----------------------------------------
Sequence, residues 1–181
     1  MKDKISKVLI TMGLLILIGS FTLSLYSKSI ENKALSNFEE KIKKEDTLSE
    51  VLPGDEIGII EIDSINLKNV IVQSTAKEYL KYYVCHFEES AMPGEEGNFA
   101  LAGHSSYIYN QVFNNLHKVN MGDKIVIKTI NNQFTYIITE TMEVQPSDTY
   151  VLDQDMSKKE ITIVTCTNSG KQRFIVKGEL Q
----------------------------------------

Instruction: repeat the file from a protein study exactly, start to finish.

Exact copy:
Sequence, residues 1–181
     1  MKDKISKVLI TMGLLILIGS FTLSLYSKSI ENKALSNFEE KIKKEDTLSE
    51  VLPGDEIGII EIDSINLKNV IVQSTAKEYL KYYVCHFEES AMPGEEGNFA
   101  LAGHSSYIYN QVFNNLHKVN MGDKIVIKTI NNQFTYIITE TMEVQPSDTY
   151  VLDQDMSKKE ITIVTCTNSG KQRFIVKGEL Q